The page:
“Roads are very interesting things for planners,” notes Katherine Harvey, a landscape and urban designer at the Glendale, California–based firm Osborn.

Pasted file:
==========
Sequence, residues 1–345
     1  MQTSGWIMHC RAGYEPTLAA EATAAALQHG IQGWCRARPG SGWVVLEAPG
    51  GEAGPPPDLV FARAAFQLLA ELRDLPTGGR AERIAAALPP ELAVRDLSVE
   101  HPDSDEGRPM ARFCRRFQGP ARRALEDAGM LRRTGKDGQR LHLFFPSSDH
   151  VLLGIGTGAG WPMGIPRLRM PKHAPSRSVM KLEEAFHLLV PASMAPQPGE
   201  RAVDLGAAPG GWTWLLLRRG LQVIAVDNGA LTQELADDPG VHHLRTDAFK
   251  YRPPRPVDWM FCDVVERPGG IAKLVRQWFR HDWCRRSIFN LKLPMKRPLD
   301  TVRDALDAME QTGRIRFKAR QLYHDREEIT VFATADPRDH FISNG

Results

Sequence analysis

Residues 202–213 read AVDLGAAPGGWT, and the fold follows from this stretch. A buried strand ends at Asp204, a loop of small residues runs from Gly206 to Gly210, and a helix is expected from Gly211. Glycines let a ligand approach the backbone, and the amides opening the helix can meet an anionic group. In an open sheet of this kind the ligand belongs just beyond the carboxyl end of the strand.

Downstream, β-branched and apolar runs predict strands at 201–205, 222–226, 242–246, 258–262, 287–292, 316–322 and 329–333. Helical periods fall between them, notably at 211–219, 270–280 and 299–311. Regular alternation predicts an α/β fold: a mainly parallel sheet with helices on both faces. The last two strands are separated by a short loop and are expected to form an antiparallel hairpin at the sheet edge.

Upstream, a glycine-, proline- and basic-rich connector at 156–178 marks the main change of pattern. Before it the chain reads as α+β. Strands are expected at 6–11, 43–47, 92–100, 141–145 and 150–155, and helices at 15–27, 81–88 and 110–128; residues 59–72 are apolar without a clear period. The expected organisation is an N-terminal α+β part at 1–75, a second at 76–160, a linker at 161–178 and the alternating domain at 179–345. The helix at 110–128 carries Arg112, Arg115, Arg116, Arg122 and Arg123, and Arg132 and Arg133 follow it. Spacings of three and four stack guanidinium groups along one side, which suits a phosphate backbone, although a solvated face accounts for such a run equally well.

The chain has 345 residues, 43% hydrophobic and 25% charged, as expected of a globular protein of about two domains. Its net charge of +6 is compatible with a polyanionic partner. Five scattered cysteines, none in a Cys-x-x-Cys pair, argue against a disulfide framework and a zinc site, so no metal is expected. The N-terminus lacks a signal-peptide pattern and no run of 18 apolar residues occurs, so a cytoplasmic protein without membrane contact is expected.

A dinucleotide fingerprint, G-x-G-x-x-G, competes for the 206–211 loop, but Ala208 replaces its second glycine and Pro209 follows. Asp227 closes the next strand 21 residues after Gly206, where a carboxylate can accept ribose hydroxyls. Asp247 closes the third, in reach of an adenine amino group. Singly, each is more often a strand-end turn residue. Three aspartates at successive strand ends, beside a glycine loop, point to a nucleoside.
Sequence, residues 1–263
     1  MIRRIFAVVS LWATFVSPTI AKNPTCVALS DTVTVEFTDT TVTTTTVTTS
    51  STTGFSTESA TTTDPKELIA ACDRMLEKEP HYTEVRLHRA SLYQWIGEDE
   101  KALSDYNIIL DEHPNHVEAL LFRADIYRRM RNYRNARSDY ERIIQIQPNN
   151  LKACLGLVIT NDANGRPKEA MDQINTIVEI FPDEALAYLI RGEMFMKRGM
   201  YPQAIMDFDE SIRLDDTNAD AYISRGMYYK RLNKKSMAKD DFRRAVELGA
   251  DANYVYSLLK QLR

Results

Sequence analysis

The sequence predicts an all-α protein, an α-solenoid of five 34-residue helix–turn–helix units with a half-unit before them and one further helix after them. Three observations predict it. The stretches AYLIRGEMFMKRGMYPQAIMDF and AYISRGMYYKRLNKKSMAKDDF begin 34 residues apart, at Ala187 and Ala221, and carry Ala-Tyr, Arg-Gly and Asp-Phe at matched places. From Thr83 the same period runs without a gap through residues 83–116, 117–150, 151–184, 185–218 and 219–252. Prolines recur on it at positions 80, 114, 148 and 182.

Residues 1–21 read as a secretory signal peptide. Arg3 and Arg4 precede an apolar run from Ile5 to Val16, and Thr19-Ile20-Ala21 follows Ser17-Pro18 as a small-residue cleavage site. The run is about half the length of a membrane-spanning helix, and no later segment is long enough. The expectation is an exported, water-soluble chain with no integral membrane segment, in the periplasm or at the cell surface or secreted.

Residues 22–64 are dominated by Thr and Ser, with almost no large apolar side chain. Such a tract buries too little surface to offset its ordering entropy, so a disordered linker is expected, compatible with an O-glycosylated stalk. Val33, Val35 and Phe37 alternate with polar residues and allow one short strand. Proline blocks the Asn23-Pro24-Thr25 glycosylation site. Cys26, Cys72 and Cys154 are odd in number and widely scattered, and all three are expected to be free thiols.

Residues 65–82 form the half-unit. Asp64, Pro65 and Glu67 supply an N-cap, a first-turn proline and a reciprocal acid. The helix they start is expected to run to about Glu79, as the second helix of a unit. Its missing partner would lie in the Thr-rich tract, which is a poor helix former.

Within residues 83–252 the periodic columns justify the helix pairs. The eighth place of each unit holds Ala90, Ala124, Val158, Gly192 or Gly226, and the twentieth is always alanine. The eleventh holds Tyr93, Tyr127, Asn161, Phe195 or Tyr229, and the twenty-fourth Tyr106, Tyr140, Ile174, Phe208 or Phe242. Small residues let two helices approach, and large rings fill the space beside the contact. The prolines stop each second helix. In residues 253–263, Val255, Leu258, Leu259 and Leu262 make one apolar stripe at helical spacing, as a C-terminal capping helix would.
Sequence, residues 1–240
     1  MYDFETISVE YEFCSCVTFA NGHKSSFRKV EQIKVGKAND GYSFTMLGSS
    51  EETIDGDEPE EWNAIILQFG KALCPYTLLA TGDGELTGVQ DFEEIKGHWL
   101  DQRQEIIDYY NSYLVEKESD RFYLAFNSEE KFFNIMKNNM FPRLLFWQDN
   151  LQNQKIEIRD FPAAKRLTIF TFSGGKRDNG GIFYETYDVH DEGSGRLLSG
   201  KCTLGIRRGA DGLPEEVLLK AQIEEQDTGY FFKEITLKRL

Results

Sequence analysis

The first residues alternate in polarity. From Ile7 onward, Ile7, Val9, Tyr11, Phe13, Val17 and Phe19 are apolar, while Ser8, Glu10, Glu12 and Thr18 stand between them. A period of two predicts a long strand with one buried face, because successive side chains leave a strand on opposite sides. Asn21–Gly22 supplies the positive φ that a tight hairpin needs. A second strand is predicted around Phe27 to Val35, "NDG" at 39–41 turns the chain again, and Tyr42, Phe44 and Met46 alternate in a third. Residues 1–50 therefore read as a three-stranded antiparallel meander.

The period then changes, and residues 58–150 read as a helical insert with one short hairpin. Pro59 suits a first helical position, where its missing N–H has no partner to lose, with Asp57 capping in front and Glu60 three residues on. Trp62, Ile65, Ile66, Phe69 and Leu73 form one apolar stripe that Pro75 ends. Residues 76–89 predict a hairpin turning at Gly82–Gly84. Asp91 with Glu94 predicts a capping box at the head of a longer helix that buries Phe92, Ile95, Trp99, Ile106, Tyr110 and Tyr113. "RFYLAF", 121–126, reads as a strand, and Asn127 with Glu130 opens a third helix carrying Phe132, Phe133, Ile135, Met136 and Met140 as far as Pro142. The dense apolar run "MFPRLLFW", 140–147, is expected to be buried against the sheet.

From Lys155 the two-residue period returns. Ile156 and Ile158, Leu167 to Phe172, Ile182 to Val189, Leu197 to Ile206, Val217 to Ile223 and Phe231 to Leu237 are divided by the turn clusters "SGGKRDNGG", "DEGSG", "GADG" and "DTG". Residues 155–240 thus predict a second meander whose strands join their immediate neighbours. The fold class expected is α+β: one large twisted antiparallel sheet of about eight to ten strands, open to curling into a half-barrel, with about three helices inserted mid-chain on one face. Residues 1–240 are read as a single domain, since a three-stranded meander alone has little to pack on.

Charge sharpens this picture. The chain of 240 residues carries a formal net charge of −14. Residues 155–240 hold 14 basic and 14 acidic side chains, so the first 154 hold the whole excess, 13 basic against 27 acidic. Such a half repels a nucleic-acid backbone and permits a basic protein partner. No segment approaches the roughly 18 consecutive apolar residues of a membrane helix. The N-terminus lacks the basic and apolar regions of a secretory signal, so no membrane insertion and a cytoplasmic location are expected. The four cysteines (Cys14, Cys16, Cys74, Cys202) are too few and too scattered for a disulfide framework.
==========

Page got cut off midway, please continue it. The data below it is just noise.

She goes on to explain that planners like that roads work as corridors, connecting pieces of the city. But, she adds, wastewater conduits such as sewers also link things up. And this commonality between roadways and sewage systems is the genius idea embedded in Mag Luv, one of the most intriguing winners of an infra-structure competition sponsored by SCI-Arc and the Architect’s Newspaper. Osborn’s team appropriated “freeway right of way”—–the land currently occupied by the highways that define Los Angeles—–and “dream space” as the site for a magnetic levitation rail line powered in part by biogas harvested from the city’s waste-treatment facilities. “The 917 million gallons of wastewater treated daily in L.A.,” the team argues, “contains 9.3 times more energy than is used to treat it.” To integrate transportation and waste systems, team leader Harvey says they appropriated portions of freeways including U.S. 101 and I-405 for a new set of urban corridors that would also carry hydrogen-fueled buses, shared electric cars, and other more conventional transit lines. Within the embrace of these truly superhighways are the fruits of sophisticated wastewater treatment: wetlands habitat, fish hatcheries, and aquatic sports centers.